7. We also want the Excitement slider to affect the particle system's Speed, Life, and Color Over Life parameters.  Locate each parameter in the Emitter Inspector, and repeat Step 6 to add each of these parameters to the Excitement Widget.  (Hint: You can't add the Color Over Life parameter directly to the Rig.  You'll have to unfold it in the Inspector, click each orange-colored Gradient swatch, then add its Color subparameter to the Excitement Widget.  If you can't figure out the Color parameters, don't worry about it--you can continue without them and still get the general idea behind Rigs.)Untitled.png
    When you added each parameter to the Rig, Motion automatically remembered that parameter's value.  In other words, Motion assumes that, if the Excitement slider is at 0 (its default position), the Blurry Sparks Particle Emitter will behave exactly like it's behaving right now: orange and slow and boring.  Next, we need to tell Motion what a 100% Excited version of the Blurry Sparks would look like.  It's kind of like keyframing, since Motion will use these two extreme states to figure out what the slider should look like in between 0 and 100%.
  8. Click on the Rig object in the Layers pane.  The Rig Inspector becomes visible in the Inspector pane.  Beside the Excitement slider, note the two upside-down lollipop shapes: these are called Widget Tags.  The first (left) Widget Tag is located at the point where the slider is at zero.  It's currently blue, indicating that it's selected.  Click the second (right) Widget Tag to select it; the Widget Tag turns blue.  The second Widget Tag is located at the point where the slider hits 100 -- 100% is a convenient way to think about that for now.
    Screen shot 2011-06-24 at 12.33.50 AM.png
  9. Now that the second Widget Tag is selected, you are telling Motion what a 100% "Excited" particle system looks like.  You can do this by changing the sliders in the Rig Inspector, or by changing the controls directly in the Emitter Inspector where you found them in the first place.  Let's use the Rig Inspector for now.  Play with the controls; if you're not familiar with Particle Emitter controls, just try to match this screenshot:Screen shot 2011-06-24 at 12.41.07 AM.png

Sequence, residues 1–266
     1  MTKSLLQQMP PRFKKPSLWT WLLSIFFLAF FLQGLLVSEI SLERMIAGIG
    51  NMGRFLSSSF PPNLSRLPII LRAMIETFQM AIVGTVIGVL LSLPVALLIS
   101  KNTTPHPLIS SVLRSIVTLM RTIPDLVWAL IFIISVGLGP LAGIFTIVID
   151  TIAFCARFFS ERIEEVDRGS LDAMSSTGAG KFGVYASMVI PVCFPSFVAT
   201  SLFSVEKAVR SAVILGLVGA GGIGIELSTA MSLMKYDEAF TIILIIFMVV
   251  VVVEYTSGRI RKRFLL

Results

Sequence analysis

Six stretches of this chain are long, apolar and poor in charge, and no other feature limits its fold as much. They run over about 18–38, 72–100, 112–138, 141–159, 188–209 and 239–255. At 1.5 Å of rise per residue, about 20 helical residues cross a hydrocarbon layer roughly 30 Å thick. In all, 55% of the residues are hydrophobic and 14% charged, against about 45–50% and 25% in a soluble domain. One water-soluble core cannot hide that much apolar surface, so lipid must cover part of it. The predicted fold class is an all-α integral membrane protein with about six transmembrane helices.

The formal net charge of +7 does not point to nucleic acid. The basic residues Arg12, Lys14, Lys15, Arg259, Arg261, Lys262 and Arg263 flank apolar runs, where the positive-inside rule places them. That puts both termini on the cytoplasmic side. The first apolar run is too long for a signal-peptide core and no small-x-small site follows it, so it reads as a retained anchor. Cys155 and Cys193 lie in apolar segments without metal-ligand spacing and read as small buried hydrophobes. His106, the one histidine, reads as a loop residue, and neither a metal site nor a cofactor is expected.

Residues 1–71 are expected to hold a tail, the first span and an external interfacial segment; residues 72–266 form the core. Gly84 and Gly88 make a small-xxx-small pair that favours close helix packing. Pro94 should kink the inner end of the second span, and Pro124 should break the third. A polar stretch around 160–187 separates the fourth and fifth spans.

10. Now, anytime you adjust the Excitement slider, many different elements of the Blurry Sparks particle system change at the same time.  With just one slider, you can change not just a specific numeric value, but the system's entire attitude.  You can keyframe and animate the Excitement Widget just like any other slider in Motion, or, if you plan on embedding this Motion project in FCPX, you can "publish" the Excitement slider so that it shows up in FCP's Controls pane.  To publish the slider, just click its disclosure triangle and select Publish from the contextual menu.Screen shot 2011-06-24 at 12.45.00 AM.png

Motion's Rig controls go much deeper than this manual approach.  Sliders, for example, can use several of the lollipop-shaped Widget Tags to change their associated parameters differently in different regions of slider position.  This Excitement slider, for example, might fade the flame from orange to red as you increased it from 0 to 30, then fade from red to blue as you increased it from 30 to 100.  As you start to play with Widget Tags, know that the Rig Inspector's Edit Mode toggle works sort of like the Record Animation button: it pays attention to every parameter you change, and associates all state changes with the specific Widget Tag you have selected in the Rig Inspector.  

We'll be incorporating all of these ideas into hands-on tutorials and our Motion 5 training courses.  Call today to reserve your seat, and start unlocking Motion 5's potential alongside the new Final Cut Pro X!
comments  

I created this whole music video using Motion 5 http://www.youtube.com/watch?v=PxnAAwP0sqk

Scott said:

Nice tutorial. I'm a novice in FCP and I've barely run Motion. You nailed a few key points here and I can immediately see their uses. Thanks for taking the time to put this online.